One of the nice things about living here is how much time you have to get to know the country and added to your bucket list. For Alyshia’s trip we did: Con Dao, Hue, Hoi An, and Quy Nhon. When I first did my trip back in 2016, I’d only heard of one of those places.

Unlike planning trips when friends or family come to visit, this is the best time to really plan a trip you want to take. Don’t feel the need to do Hanoi for the tenth time? Don’t!

For Alyshia’s trip, her only specific pick was Con Dao and that she wanted time for the pool and the beach. We added Hue in because she and Le were supposed to go back over Tet but had to cancel because of COVID. Then because we had such a fun time collaborating with Anantara Mui Ne, we wanted to collaborate with Anantara again! This worked out perfectly with wanting to visit Hue because we were able to stay at their Hoi An property, Quy Nhon property, and ride the Vietage, a luxury train that runs between the two!

Step 4: Book some truly fun hotels!

Once you’ve got your places picked, it’s time to look for accommodation! Budget, midrange, and luxury — like I said Vietnam has a ton of fun properties. Even our hostel in Hue was super cute and decorated to look like something out of a Greek island.

If your leaving Vietnam trip includes Mui Ne, Quy Nhon, or Hoi An, I cannot recommend the Anantara properties enough! The staff at all three locations are lovely and the properties are beautiful. I wrote about them all more in-depth in their own posts, so just click the names to read more!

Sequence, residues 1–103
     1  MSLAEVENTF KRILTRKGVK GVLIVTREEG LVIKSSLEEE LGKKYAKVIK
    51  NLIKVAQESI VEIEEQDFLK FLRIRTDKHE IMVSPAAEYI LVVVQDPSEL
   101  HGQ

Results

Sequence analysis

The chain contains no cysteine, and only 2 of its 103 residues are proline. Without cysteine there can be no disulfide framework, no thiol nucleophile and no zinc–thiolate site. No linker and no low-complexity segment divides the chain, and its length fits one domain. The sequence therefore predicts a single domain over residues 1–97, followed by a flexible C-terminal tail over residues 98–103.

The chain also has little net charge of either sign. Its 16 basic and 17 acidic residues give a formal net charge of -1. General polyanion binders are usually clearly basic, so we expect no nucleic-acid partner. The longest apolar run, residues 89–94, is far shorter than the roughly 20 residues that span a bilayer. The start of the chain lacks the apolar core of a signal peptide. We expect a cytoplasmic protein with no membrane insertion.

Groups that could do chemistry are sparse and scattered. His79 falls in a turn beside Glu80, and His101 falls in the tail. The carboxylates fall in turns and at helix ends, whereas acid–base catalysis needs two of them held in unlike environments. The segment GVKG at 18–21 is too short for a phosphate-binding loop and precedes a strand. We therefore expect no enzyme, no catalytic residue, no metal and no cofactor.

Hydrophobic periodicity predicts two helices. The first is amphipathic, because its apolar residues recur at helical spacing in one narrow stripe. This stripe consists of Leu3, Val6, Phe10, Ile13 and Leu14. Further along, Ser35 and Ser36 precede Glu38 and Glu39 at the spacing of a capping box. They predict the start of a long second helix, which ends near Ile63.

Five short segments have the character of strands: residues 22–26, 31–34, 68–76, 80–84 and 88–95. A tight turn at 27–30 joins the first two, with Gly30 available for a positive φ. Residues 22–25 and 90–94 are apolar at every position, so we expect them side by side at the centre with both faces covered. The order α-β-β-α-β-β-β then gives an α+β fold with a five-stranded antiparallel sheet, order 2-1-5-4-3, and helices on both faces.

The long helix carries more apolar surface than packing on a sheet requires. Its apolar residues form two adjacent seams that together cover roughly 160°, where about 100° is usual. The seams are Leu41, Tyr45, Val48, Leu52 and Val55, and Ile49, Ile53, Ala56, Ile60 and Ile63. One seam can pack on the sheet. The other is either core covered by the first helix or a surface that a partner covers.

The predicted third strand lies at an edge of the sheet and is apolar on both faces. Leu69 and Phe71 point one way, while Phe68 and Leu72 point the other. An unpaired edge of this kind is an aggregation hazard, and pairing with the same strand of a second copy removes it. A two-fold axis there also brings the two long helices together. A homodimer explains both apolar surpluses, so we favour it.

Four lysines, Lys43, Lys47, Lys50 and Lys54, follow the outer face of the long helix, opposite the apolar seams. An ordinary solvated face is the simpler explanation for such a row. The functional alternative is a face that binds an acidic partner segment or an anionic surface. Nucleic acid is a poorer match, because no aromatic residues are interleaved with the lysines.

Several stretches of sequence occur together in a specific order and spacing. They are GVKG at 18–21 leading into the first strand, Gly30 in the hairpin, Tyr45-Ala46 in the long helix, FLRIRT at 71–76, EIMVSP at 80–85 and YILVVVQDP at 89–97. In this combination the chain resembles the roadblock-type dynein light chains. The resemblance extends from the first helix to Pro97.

Leaving Vietnam Trip

Step 5: Plan your itinerary

You’ve got your places and you’ve got your hotels — now it’s time for the itinerary details! Like where are you eating, where you visiting, just how long do you plan on sunbathing every afternoon? The big thing for me is planning where and what to eat before you go. The thing about Vietnamese food, especially anything that isn’t phở, is that it’s really hard to find it outside of Vietnam. Like I really don’t expect to find really good banh khoai anywhere else in the world, so if I’m going to Hue, I’m getting my fill!

Dam Trau Beach (the airplane beach), Con Dao, Vietnam

Step 6: Head off!

Get your tickets and head off for an epic trip! Double check there’s nothing you need to do at your apartment before going, and try to do some packing so you’re not trying to do this after coming back from your travels!

A Look at Our Itinerary

Now I’m putting this order of how we should’ve done our itinerary! We actually didn’t realize there wasn’t a flight from Quy Nhon – Hue, so instead of having 2 days there, we had a day of transfer! If you follow this route instead, it’ll go much more smoothly.

3 Days in Con Dao